The first steps will be to appoint a project manager and a chairperson to lead a Northern Regional Transgender Advisory Group. Job descriptions will be ready for circulation in the next four weeks. The aim is to spread the word widely to people with the experience and knowledge who might be interested in taking up the roles. There will be regular updates on progress.
With support from the DHBs, the team will develop a plan for a Northern region Transgender Care Pathway based on feedback from community and online forums, clinical advice on best practice and a robust evidence base.Pathways to Care
The Pathways to Care diagram (agreed at community workshops) is based on five key principles:
- Access - Transgender culturally competent health care services at primary care and community NGO level.
- Safety - Gender diversity and cultural competence including flexible care pathways .
- Wellbeing - A whole of health and well-being approach to service delivery.
- Respect - Self-identification and informed consent.
- Diversity - Accepting and facilitating conversations in public health context.
The focus of the plan will be to put in place regionally consistent, multi-disciplinary gender health services for children, adolescents and adults experiencing gender identity issues and seeking health services as part of a gender transition. These services may be provided locally or regionally and by one or more providers.
The Pathways to Care plan will seek to bridge the gaps that have made it hard for transgender patients to access health care. At the heart of the new model is a multi-disciplinary team of health professionals with a broad range of clinical, social and community expertise. Transgender patients would work with a culturally appropriate key worker, who can be any member of the multi-disciplinary team, at their points of contact in their journey through the care pathway.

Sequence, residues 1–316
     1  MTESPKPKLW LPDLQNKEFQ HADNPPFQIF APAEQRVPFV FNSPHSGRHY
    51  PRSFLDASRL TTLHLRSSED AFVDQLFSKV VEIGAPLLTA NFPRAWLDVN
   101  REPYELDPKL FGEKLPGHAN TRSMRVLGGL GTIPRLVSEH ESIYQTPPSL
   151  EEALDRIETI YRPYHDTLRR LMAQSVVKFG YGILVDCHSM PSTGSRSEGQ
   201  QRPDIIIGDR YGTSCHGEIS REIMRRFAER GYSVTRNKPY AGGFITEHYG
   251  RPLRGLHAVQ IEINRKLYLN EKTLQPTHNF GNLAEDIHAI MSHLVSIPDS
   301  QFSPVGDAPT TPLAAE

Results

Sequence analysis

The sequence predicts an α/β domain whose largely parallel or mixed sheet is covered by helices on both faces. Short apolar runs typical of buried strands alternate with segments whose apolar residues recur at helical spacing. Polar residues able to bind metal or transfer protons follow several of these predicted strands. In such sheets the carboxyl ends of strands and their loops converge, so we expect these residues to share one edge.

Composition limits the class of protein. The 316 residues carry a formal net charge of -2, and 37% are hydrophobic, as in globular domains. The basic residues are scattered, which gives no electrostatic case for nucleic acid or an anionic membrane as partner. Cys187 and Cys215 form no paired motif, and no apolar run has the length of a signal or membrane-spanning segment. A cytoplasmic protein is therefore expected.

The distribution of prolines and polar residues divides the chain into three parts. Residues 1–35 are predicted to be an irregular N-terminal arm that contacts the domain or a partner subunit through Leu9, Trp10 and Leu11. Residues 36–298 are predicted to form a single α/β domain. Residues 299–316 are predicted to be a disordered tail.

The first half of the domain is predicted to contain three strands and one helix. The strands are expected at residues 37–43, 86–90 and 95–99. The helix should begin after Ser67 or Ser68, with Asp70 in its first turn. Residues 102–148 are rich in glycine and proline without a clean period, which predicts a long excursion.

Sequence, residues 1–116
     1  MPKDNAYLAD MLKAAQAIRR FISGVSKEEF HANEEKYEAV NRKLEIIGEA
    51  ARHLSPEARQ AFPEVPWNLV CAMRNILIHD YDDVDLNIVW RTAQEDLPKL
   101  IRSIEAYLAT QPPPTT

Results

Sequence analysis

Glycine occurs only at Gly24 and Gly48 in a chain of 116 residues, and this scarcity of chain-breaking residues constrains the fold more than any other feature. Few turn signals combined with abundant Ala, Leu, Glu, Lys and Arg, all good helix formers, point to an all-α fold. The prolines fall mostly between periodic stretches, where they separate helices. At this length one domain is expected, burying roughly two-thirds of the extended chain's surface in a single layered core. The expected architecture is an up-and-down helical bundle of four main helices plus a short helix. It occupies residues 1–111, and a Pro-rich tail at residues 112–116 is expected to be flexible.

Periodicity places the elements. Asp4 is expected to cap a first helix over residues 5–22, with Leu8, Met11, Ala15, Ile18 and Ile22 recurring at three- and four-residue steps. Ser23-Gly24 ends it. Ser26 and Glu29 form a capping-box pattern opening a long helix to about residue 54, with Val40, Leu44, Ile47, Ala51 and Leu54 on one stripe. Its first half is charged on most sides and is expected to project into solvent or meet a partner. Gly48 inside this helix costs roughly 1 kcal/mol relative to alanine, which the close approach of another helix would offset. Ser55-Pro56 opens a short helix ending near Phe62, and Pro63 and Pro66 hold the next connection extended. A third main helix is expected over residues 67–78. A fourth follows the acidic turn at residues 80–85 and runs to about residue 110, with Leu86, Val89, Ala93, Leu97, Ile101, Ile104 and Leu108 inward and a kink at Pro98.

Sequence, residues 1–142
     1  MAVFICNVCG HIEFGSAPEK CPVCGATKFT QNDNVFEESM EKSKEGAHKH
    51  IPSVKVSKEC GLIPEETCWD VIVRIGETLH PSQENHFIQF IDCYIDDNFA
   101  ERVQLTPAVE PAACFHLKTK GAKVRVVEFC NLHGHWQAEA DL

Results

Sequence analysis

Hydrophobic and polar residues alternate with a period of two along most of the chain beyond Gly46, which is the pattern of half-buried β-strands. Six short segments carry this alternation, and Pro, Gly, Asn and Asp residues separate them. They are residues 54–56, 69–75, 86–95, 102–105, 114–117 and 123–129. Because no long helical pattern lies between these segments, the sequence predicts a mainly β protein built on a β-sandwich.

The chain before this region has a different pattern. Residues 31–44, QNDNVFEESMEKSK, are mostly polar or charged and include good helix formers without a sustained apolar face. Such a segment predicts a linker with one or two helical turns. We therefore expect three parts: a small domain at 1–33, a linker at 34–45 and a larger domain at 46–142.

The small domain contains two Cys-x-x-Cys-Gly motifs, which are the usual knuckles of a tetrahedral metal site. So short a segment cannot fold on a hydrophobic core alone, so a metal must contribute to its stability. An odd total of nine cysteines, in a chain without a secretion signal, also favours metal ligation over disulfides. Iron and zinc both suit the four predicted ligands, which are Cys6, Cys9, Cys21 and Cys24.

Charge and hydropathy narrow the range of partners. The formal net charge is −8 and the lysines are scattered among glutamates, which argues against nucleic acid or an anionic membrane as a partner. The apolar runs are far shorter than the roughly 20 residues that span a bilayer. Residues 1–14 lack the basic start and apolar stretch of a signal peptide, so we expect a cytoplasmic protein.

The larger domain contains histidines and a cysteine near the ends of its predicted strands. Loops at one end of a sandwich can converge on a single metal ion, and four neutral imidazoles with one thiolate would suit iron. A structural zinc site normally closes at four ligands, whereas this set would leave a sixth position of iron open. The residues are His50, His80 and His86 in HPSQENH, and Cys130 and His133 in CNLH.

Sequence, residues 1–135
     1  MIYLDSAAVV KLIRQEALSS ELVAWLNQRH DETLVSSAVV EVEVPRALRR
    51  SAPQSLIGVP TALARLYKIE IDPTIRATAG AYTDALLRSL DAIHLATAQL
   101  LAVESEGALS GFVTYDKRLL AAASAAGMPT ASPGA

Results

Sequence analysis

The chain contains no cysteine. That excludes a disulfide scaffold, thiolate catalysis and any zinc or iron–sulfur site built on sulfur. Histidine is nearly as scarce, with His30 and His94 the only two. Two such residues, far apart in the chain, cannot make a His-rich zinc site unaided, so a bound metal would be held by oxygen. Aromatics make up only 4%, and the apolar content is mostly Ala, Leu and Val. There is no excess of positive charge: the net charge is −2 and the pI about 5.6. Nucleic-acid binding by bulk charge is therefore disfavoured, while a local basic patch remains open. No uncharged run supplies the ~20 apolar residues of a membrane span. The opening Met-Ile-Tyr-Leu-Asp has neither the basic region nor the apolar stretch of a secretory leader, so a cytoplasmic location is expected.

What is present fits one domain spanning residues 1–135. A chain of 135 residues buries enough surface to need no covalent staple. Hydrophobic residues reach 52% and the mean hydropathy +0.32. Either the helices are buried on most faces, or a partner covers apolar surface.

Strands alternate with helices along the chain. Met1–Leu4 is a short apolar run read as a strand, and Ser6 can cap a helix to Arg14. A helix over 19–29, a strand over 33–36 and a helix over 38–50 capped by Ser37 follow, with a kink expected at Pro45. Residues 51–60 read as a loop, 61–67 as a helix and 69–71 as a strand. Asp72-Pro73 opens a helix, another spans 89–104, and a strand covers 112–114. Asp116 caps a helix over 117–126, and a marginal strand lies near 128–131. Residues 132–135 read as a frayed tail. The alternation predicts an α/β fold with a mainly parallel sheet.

The overall goal is to provide clinical care to “assist transsexual, transgender, and gender-nonconforming people to achieve lasting personal comfort with their gendered selves, in order to maximize their overall health, psychological well-being, and self-fulfillment.” (World Professional Association for Transgender Health).
Update: January 2016
There has been a positive response to the proposal for future health services for transgender health services in the northern DHB region, covering the Auckland metropolitan DHBs (Auckland, Counties Manukau, Waitemata DHB) and Northland DHB.
The proposal went to senior leaders from the northern DHB region in December 2015, who said it was a robust analysis that set out a pathway to respond to the need for better health services for people in the transgender communities. The project team thanks the Clinical and Consumer Transgender Advisory Group, which includes representatives from specialist and community service providers, NGOs and consumers from the transgender communities for their time, effort and insight.
The next steps will be to seek formal endorsement at senior management and board level in order to create a work plan for 2016 to progress the project.
Update: October 2015
We held a series of community forums in July 2015 to provide input into the development of a proposal for better health services for people from transgender communities, in the northern region. Read the combined summary of feedback from the community forums and online survey [PDF, 354 KB] from September 2015.
Update: June 2015